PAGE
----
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Review commentary by Jeremy Wilson on Lawrence, the Uncrowned King of Arabia by Michael Asher

(London, Viking, 1998)

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Chapter 3: Nothing Which Qualified Him to be an Ordinary Member of Society
Last year at school and first years at university, 1906-8

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Clearly, in the original, Lawrence does not use the words quoted by Asher in the way that Asher wishes his readers to believe. Lawrence is not giving Graves general guidance about how to lie successfully; he is talking about a specific issue where there is something that he feels he must conceal from the general public.
   We now know from enemy records that the northern raid definitely took place (something that, in his original work, Mousa did not accept). We also know that Lawrence had a major personal factor to hide: the fact that his journey north had been deliberately suicidal. Lawrence had every right to conceal this, and to fob Graves off, for the purposes of his popular biography, in whatever way he could. Verdict: this evidence is irrelevant, and used here badly out of context. It does not advance Asher's case at all.

35/1/1-3

7. "Working with the Arabs during the war, he would admit that he did not tell the whole truth either to them or to his British masters, but designed a version of reality which suited himself." 

TEL says this, I think, on more than one occasion in Seven Pillars. The point is that he was in a quite extraordinary position, vis-à-vis both the British HQ and the Arabs. Clearly, he could not tell Feisal the whole truth - for example, about Allenby's periods of weakness. That would have destroyed Arab confidence in the British, and quite possibly triggered the collapse of the Arab campaign. Likewise, he had to prevent the British from losing faith in the Arabs. To say that Lawrence "designed a version of reality which suited himself" is to set aside the delicacy of Lawrence's position. In such situations professional diplomats habitually conceal the truth. Lawrence had a reasoned view about what might be achieved, given the means and the opportunity. That achievement was in the interests of both the British and the Arabs. With consummate skill, he had managed to gain the confidence not only of the British, which was to be expected, but also of the Arabs. For that reason he was an extremely useful liaison officer to all parties. To give each side's secrets to the other would have destroyed that position of trust, rendering him useless. Hogarth, at least, would have understood that. The 'moral' position that Asher is, by implication, taking here may appear to be virtuous, but it is as impractical as high-minded demands for 'open agreements openly arrived at' in international diplomacy. Verdict: whatever you choose to call this, it is not evidence of self-aggrandising dishonesty on Lawrence's part. It is therefore irrelevant to Asher's case.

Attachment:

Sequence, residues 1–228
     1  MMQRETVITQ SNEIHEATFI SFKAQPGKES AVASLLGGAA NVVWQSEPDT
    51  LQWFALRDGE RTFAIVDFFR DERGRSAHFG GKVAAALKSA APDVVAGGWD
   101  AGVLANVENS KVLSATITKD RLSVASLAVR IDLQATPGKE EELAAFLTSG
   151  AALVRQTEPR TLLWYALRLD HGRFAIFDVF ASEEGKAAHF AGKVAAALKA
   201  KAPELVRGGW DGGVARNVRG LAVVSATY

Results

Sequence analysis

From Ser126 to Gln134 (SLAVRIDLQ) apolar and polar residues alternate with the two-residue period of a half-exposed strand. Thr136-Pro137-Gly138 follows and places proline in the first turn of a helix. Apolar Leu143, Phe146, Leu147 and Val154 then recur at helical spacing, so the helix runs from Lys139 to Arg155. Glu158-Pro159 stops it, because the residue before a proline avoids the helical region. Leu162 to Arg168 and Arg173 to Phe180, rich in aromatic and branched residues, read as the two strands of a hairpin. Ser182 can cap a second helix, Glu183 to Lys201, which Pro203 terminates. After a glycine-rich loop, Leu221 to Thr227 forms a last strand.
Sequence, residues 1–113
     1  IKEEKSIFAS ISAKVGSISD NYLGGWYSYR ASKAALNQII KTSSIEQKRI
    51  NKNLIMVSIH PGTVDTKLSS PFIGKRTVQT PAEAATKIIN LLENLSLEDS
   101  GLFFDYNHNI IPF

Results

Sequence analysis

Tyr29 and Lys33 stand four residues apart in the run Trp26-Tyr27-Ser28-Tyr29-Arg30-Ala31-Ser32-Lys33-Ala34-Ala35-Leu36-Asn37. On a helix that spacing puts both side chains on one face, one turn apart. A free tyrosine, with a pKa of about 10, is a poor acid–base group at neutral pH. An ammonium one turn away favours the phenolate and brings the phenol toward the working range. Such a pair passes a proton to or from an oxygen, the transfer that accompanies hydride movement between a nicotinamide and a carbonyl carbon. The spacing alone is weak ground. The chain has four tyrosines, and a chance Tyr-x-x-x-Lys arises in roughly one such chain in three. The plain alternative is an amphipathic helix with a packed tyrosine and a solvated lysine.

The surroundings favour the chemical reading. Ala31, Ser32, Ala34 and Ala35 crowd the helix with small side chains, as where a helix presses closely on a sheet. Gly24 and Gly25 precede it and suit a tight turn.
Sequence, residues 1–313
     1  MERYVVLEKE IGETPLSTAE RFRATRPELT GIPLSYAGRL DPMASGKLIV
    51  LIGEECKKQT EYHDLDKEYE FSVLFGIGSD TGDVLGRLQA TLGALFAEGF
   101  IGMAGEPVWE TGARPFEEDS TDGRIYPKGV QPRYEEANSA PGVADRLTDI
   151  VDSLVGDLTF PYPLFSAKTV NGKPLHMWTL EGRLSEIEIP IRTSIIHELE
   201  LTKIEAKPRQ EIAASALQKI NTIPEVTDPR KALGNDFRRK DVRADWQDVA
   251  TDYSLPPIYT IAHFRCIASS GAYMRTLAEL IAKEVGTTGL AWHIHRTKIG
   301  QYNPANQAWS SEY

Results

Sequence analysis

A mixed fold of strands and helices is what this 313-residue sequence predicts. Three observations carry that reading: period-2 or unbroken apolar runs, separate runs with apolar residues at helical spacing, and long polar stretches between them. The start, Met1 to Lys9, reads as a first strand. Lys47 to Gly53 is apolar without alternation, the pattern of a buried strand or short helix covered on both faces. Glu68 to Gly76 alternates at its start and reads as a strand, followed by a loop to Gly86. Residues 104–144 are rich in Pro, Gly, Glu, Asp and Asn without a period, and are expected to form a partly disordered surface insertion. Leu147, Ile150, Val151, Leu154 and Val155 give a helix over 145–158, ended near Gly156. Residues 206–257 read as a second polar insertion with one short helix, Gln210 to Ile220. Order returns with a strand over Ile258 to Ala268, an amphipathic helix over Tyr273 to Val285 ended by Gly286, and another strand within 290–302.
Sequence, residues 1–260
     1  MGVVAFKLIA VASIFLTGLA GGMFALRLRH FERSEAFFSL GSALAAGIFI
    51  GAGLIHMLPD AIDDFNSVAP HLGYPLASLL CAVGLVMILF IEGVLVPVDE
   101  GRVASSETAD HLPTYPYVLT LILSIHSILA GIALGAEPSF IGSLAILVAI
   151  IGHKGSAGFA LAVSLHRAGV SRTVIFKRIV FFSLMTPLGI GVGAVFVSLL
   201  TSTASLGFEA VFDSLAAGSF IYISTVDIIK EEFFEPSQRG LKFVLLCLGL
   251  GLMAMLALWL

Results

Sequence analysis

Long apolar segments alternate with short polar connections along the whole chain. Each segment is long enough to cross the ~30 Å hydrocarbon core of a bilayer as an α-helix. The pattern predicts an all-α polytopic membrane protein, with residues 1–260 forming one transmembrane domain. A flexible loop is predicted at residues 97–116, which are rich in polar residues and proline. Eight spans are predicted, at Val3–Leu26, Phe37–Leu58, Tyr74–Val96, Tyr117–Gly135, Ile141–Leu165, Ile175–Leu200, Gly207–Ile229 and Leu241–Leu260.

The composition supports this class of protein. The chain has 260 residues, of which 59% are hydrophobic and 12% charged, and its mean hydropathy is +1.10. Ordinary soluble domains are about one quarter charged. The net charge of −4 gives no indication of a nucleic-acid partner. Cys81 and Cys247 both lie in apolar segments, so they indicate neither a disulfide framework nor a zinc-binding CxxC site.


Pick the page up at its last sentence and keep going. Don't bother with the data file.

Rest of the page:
35/1/4-5 8. "He would write that he himself often could not tell where the 'leg-pulling; began or ended" 

Asher gives no source, but this is from the final paragraph of the 'Myself' chapter in Seven Pillars (Chapter C111). It is not a celebration of wholesale dishonesty, but a comment on the 'little wanton problems of conduct' that Lawrence found himself inflicting on others in conversation, to observe their reaction. Lawrence calls it pettiness, and condemns himself roundly, concluding: 'Indeed, the truth was I did not like the "myself" I could hear and see.' Verdict: the context shows that this is irrelevant to the case Asher is making. Question: Why does Asher give no source reference? Next page




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